Classification and the librarian's problem

[Leibniz rejected Locke's tripartite division of knowledge.] ...
"A truely memorable story might deserve a place in the annals of universal
history; yet might equally deserve a place in the history of a particular
country or even of a particular individual. A librarian is often undecided
over the section in which a particular book needs to be catalogued (cf.
Serres 1968: 22-3)" (Eco 1993:1995, p.278)
"Theoretically, a classification system should be so organised that material
on any one subject can be found in only one place. Some subjects, however,
have so many aspects, so many phases, so many contributing factors that it
may not be possible to place all material relating to such a subject in only
one class. ... It is important to remember that even though books are
classified according to the subject which is given the greatest emphasis,
they may, to some extent, treat other subjects." |

Categories in Leibniz' private collection of books.

- A. Jurisprudence
- B. Medicine and science
- C. Literature
- D. Philosophy
- E. Applied mathematics
- F. Mathematics
- G. Linguistics
- H. Theology
- J. Periodicals
- L. Misc.
- M. History
- N. Misc.
- O. Misc.

Consider a set of books, **B**. The librarian's problem is to order these
books in such a way that all books about a similar subject are shelved
together.

Two complementary approaches to this problem both involve the definition of a
set of subjects, **S**.

**Books as primitives**

The first approach starts from the books. By analysing the contents of each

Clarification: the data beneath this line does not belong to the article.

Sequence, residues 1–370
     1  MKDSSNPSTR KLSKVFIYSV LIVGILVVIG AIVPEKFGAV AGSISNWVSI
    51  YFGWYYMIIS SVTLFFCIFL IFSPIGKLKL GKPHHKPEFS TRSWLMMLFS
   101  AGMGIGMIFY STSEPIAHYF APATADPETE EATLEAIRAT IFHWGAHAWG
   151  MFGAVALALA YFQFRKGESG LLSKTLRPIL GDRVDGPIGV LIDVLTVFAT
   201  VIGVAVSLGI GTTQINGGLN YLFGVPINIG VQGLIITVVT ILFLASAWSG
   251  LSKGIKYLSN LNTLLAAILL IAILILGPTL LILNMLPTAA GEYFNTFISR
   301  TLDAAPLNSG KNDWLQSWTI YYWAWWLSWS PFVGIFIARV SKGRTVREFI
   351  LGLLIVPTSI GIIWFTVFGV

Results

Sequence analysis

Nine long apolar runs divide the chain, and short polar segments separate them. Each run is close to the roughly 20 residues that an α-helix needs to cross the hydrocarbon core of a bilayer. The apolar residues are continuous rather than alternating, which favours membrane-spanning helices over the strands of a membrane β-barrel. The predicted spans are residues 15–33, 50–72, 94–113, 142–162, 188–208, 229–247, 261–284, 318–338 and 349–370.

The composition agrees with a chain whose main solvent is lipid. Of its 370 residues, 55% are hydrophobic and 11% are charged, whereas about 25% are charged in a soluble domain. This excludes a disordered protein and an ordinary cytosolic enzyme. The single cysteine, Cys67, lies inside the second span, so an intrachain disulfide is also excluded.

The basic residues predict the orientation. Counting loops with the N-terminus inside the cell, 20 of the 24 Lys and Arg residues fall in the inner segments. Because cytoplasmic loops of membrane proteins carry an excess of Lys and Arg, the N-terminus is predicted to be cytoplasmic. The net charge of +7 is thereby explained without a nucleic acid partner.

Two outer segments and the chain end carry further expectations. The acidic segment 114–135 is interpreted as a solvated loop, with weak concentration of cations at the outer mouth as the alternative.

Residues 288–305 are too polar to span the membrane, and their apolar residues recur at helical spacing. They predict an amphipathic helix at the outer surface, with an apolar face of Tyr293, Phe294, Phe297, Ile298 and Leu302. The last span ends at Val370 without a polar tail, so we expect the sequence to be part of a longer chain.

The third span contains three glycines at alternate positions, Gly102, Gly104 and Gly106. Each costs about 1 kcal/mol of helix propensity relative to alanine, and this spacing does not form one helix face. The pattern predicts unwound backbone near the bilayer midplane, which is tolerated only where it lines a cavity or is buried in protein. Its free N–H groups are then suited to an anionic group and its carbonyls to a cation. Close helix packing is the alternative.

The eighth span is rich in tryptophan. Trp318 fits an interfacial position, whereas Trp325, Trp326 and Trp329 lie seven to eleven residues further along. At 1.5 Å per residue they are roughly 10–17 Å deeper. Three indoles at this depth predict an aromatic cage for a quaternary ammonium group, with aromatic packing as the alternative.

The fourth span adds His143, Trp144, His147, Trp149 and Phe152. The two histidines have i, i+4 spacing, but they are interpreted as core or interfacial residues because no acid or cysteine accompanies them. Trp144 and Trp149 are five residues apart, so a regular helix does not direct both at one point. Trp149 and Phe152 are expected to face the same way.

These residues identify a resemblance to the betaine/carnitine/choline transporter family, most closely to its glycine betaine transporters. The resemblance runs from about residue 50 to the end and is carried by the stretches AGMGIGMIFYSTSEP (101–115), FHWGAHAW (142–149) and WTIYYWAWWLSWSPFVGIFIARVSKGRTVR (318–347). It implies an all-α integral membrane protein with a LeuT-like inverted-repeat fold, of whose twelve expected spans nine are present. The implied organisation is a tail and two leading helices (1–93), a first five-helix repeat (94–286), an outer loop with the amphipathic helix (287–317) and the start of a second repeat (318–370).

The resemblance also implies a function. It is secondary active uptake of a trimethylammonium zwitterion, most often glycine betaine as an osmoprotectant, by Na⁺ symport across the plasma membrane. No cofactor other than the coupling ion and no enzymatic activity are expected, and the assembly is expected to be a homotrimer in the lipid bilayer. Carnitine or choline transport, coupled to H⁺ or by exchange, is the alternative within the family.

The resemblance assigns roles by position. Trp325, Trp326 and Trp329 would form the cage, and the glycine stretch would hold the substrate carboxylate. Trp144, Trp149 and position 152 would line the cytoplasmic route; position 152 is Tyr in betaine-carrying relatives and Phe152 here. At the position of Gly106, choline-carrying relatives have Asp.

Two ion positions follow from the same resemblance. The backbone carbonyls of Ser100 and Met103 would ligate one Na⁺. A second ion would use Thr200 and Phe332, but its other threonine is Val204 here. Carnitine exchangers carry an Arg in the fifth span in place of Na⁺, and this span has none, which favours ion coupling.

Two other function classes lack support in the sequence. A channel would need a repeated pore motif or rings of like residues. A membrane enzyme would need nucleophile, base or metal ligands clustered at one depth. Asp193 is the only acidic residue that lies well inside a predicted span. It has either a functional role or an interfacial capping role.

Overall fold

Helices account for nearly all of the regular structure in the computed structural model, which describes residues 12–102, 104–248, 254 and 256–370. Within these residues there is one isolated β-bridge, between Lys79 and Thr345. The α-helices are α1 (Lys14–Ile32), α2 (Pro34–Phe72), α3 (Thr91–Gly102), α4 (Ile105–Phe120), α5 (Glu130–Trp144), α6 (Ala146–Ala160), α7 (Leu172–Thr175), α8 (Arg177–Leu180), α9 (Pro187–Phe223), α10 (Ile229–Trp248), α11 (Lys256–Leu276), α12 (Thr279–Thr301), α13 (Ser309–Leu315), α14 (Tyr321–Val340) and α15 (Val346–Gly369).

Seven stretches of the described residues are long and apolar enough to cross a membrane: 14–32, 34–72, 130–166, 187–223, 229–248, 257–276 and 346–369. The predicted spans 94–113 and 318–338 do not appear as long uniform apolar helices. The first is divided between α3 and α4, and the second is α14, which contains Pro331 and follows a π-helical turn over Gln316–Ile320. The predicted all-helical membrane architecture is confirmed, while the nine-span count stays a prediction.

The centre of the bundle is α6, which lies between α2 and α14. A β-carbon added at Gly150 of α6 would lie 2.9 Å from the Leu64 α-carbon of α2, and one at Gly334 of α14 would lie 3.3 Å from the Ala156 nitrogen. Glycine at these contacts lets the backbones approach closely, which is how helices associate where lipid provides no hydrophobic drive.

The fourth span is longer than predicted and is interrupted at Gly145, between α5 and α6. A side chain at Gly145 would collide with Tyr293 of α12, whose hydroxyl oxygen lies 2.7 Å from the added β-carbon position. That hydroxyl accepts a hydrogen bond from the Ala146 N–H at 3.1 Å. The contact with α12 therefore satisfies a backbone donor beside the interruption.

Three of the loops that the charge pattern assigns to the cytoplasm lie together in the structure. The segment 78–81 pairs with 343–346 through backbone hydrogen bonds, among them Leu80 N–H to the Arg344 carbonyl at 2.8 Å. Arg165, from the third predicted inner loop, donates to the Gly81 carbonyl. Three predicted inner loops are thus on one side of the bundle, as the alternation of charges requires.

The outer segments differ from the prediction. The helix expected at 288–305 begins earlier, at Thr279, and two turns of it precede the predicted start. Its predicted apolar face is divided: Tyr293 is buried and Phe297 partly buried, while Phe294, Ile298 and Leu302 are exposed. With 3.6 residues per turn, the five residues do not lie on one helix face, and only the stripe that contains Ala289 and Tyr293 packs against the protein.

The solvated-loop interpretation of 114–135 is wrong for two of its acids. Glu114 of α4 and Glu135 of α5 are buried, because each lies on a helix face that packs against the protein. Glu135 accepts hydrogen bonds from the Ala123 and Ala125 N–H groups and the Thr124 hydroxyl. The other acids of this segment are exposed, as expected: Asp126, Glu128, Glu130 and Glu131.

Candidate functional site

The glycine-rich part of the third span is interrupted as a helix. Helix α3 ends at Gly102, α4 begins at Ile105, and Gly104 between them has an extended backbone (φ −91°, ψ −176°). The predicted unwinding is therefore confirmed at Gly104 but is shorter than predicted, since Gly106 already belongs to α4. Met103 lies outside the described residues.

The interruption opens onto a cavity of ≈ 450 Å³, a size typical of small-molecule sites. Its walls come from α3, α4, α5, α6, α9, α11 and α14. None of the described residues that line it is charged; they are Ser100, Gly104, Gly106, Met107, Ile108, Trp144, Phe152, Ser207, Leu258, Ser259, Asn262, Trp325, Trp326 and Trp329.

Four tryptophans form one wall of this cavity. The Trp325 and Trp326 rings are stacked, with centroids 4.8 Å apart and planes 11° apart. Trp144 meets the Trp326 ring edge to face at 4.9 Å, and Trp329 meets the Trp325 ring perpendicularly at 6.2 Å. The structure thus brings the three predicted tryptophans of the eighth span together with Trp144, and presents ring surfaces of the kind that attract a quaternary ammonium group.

book, a number of a posteriori subjects can be assigned to them.

The i-th book, b(i), may be concerned with m(i) a posteriori subjects, s'

**S'** AND b(i) = { s'(i,1), ..., s'(i,m(i)) }

(Let us assume that m >= 1)

The set of a posteriori subjects, **S'**, then becomes a list of these
assigned subjects. For j books, this is not simply,

{ s'(1,1), ..., s'(1,m(1)), ..., s'(i,1), ..., s'(i,m(i)), ..., s'(j,1), ..., s'(j,m(j)) }

as the interpretation of any given subject s' may be the same as the interpretation of another given subject.

To get around this problem, we must consider the set of unique
interpretations, **C**

If we assume that this assignment of subjects is valid, then the number of
unique interpretations, n(**C**), must be less than or equal to the number of
assigned subjects, n(**S'**).

n(**C**) <= n(**S'**)

where n(**S'**) = m(1) + m(2) + ... + m(j)

**Subjects as primitives**

The second approach starts with a set of subjects, **S**. The assignment
of each book then takes the form

{ s(a(i,1)), ..., s(a(i,m(i))) }

where, if there are k subjects s(1), ..., s(k), then each assignment relation, a(x,y), is an integer between 1 and k.

Note: I call this computational set theory because I first created this representation with dBase 3+ records. I converted records containing one or more keywords into a table of {record, keyword} pairs.

From the above definitions, it is clear that the relations between the set of books and the set of subjects can also be represented as a table of pairs, {b,s}:

{b(1),s(a(1,1))}

...

{b(1),s(a(1,m(1)))}

...

{b(i),s(a(i,1))}

...

{b(i),s(a(i,m(i)))}

...

{b(j),s(a(j,1))}

...

{b(j),s(a(j,m(j)))}

**Table 1.1 - relations between books and subjects sorted in book order.**